Through the sacramental cleansing of the waters of baptism the festering wound in our soul, the uncleanness caused by original sin, is healed, and we are restored to the life given to our first parents, Adam and Eve, before the fall. Those reborn by water and the Holy Spirit at the font are made new creatures, adopted children of God, partakers of the divine nature, members of Christ and co-heirs with him, temples of that same Holy Spirit (CCC 1265). As the Catechism of the Catholic Church reminds us, through baptism nothing remains in us that impedes our entrance into heaven, the Kingdom of God (CCC 1263). And yet, as we know, the pure and spotless baptismal garment which is draped around the newly-baptized does not remain so for very long. Even though original sin is forgiven in baptism, we nevertheless remain subject to the consequences of the fall, and continue to struggle against our inclination to sin; choosing our way over that of the Lord. When we sin after baptism the relationship we share with God is attacked and is either wounded (by what we call venial sin) or destroyed (by what we call mortal sin, because it puts to death the bond with enjoy with God). Thus the disfiguration of our soul—the muddying of our baptismal robe, we might say—separates us from the spotless perfection of God.
This disruption of the union of God and Man is the subject of our readings today. In the reading from the Book of Leviticus the Lord God tells Moses and Aaron to keep those suffering from the disease of leprosy outside the camp, describing them as unclean. And in the gospel we hear of the Lord healing the leper, restoring him to health. When we commit serious sin, we do not of course contract a physical disease like those in our readings who suffer through no fault of their own. Physical disease, like death itself, is a result of man’s fallen nature, for sure, but by choosing to do wrong and failing to do good we enter into a spiritual sickness, walking away from the covenant-relationship given us in baptism and rejecting the life that God has given on us. God is always faithful to the covenant of our baptism; he does not desert us. Thus, when we commit serious sin we exclude ourselves from the camp, from the Church; we infect ourselves with a disease, make ourselves unclean, not in the body, but the soul. Thus any initiative to restore that relationship with the Lord should justly be ours.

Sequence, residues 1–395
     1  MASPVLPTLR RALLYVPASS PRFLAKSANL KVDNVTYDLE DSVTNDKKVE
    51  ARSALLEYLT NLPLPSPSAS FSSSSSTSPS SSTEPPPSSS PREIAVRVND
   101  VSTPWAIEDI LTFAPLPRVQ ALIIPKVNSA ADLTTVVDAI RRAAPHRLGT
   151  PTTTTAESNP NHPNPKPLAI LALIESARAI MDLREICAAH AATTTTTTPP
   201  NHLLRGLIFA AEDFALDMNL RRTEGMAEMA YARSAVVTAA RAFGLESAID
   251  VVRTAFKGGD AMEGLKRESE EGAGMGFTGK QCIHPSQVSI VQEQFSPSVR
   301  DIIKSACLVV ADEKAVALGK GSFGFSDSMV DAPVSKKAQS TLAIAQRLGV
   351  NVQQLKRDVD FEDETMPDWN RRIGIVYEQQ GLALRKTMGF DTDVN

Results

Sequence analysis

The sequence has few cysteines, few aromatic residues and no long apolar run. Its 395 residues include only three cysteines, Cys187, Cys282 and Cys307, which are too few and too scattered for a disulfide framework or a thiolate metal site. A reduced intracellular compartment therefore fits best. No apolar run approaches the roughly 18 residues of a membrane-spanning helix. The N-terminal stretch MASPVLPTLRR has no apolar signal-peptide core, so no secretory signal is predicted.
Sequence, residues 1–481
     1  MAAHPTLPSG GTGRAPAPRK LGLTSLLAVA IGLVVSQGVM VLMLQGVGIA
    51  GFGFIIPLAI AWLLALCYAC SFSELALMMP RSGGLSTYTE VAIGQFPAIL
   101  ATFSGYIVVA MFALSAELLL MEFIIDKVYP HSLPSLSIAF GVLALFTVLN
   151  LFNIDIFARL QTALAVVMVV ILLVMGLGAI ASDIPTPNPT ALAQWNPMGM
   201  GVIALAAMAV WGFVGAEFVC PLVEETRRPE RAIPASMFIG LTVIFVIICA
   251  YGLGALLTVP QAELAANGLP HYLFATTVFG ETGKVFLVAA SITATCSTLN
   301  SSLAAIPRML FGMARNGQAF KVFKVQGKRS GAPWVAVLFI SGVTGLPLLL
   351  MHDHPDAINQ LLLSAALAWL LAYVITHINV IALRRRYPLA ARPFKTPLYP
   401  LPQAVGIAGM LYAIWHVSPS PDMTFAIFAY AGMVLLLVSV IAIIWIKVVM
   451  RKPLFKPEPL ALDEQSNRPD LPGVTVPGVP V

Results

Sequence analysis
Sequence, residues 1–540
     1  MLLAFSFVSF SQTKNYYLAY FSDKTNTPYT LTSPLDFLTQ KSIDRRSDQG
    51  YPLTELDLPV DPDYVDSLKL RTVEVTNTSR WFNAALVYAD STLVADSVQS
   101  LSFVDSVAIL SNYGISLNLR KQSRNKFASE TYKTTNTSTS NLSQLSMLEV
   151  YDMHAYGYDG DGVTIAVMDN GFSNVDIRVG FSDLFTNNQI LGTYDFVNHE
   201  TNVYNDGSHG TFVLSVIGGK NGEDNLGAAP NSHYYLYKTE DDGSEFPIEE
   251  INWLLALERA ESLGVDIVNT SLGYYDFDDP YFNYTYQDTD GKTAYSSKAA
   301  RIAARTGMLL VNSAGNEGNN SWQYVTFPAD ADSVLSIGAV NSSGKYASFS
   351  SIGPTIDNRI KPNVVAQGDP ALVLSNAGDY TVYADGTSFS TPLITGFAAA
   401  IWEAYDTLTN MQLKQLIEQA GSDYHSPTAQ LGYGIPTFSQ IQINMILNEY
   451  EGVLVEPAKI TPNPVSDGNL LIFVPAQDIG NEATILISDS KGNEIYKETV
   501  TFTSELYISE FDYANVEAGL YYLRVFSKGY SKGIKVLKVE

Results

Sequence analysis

And yet the very fact that the restoration of our relationship with God is possible (and it is) is not a result of our efforts. The one who joins us to himself in baptism, cutting us free of the tree of death and grafting us to the tree of life which is himself, by that same tree (the tree of the life-giving cross) gives us the means to be saved, and to enjoy once more the purity of the grace-filled life begun in those waters of regeneration. And that action, that gift of Our Blessed Lord’s death on the cross of Calvary, is itself a lesson in healing and forgiveness. Just as he became obedient even unto death of the cross in order to bring us to salvation, so we must imitate his obedience in our humility to the Father if we desire to be renewed in that saving work and receive the mercy and forgiveness which to us he extends.